“If you can laugh together, you can work together.” — Robert Orben

8. Make project planning a collaborative process

Mistplay uses agile sprints for project planning, which means that we assign, work on, and review all tasks in two-week cycles. We also vote on how many “story points,” or how much effort, the tasks are worth. This ensures that everyone knows the full details of a project before tasks are assigned, and can provide input regarding how long each task is expected to take. Not only does this spark great discussions, but it also helps your team avoid underestimating workloads. Additionally, knowing details about other peoples’ tasks helps when reviewing PRs.

“Talent wins games, but teamwork and intelligence win championships.” — Michael Jordan

7. Keep your manager/project manager (PM) up to date about your timelines

It can be surprisingly challenging to estimate how long a project will take, especially if the scope changes after you start working on it. Once you start a task, keep estimating in your mind how much longer it will take. If you notice that it is much longer than what you planned for, talk to your manager.

“The single biggest problem in communication is the illusion that it has taken place.“ — George Bernard Shaw

6. Propose alternate ideas to your Product Manager (PM) and designer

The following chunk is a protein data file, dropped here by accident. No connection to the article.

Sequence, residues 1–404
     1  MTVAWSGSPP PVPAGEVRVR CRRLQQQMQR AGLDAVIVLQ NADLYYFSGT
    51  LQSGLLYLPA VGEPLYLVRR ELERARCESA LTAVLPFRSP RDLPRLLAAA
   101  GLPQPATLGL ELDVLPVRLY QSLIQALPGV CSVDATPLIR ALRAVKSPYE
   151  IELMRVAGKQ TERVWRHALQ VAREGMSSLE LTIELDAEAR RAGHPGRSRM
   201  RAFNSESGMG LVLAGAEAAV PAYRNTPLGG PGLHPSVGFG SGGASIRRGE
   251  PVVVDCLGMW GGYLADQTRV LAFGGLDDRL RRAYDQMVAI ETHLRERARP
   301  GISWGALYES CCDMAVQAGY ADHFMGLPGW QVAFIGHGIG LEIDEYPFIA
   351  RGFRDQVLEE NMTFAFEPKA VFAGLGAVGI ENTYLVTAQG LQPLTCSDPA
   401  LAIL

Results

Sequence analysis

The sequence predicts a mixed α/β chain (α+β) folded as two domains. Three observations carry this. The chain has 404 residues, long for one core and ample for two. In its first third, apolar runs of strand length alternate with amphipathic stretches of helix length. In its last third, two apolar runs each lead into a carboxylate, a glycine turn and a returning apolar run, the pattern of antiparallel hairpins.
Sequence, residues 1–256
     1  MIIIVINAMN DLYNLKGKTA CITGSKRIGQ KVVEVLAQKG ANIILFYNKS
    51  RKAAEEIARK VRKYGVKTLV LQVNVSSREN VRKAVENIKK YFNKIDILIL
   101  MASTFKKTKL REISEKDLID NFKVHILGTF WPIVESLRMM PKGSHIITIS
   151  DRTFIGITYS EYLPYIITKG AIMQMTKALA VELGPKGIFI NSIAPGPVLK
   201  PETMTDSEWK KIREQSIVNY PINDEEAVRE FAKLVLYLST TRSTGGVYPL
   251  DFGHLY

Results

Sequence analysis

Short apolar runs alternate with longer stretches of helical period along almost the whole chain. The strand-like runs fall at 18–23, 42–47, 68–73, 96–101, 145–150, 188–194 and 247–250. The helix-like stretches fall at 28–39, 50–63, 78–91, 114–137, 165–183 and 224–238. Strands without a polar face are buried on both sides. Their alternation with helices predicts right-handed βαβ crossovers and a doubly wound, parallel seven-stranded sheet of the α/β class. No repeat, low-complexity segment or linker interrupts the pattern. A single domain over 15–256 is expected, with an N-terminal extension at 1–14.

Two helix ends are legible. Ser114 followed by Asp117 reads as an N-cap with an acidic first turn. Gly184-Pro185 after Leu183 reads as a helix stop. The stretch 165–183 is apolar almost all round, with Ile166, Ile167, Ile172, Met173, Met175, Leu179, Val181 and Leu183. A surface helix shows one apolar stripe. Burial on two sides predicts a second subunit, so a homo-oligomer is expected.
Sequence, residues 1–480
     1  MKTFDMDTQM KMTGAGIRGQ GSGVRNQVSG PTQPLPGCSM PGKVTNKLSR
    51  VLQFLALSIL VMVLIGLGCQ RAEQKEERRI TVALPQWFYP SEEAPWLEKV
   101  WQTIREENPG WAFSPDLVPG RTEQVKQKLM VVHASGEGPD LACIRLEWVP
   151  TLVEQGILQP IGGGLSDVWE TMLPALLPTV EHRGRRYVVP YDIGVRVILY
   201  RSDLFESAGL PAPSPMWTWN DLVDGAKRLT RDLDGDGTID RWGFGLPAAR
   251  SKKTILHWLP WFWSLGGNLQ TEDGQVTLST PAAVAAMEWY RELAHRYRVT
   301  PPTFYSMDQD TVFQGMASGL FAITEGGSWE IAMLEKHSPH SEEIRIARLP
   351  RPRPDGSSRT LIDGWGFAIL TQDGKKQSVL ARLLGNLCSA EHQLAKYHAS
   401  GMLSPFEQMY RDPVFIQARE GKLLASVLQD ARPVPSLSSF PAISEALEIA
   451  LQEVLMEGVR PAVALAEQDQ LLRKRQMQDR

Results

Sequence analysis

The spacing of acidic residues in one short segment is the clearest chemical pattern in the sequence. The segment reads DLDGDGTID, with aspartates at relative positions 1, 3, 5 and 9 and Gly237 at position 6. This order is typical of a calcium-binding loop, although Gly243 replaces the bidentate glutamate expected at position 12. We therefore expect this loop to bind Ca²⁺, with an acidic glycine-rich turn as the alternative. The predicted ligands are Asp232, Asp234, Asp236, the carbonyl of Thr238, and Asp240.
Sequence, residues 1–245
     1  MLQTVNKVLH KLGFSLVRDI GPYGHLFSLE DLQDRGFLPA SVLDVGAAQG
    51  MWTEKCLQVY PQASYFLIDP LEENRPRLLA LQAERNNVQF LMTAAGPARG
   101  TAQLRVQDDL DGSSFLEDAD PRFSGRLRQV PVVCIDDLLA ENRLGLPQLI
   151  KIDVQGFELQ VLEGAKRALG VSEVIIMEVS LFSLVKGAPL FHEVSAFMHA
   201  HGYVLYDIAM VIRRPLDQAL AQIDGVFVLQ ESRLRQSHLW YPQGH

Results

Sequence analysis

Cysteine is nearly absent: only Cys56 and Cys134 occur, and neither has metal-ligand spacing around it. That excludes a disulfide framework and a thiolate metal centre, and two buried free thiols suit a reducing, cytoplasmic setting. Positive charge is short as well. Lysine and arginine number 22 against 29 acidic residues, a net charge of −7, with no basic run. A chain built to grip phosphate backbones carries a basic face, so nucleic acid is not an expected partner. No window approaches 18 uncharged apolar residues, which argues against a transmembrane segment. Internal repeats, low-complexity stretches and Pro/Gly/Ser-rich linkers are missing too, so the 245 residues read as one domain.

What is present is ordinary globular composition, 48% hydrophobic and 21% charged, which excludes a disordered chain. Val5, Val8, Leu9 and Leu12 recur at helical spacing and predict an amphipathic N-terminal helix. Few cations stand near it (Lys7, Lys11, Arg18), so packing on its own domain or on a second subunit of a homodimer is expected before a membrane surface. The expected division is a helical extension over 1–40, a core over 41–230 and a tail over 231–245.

Don’t be shy to share your ideas, especially if they could speed up a task or improve the final product. Consider what simplifications would make a given task faster, and talk to your PM about how significant the user impact from those changes would be. Any suggestions that would improve the final product are worth sharing. At a startup, there are only a few people reviewing designs before you implement them — so if the UX/UI feels off to you, go ahead and propose a change before you start.

“We are aware that we are doing something significant. We’re here at the beginning of it and we’re able to shape how it goes.” — Steve Jobs

5. Make short PRs

Bundling everything into one PR might seem like the fastest way to go, but it tends to be better to break things up wherever you can. It’s hard to review a long PR, which means that your reviewers will either start skimming or fixate on minor problems. Try to write clean, modular code, and PR it in small, logical batches. Your reviewers will thank you — and your code will get approved more quickly.

4. Become a master of testing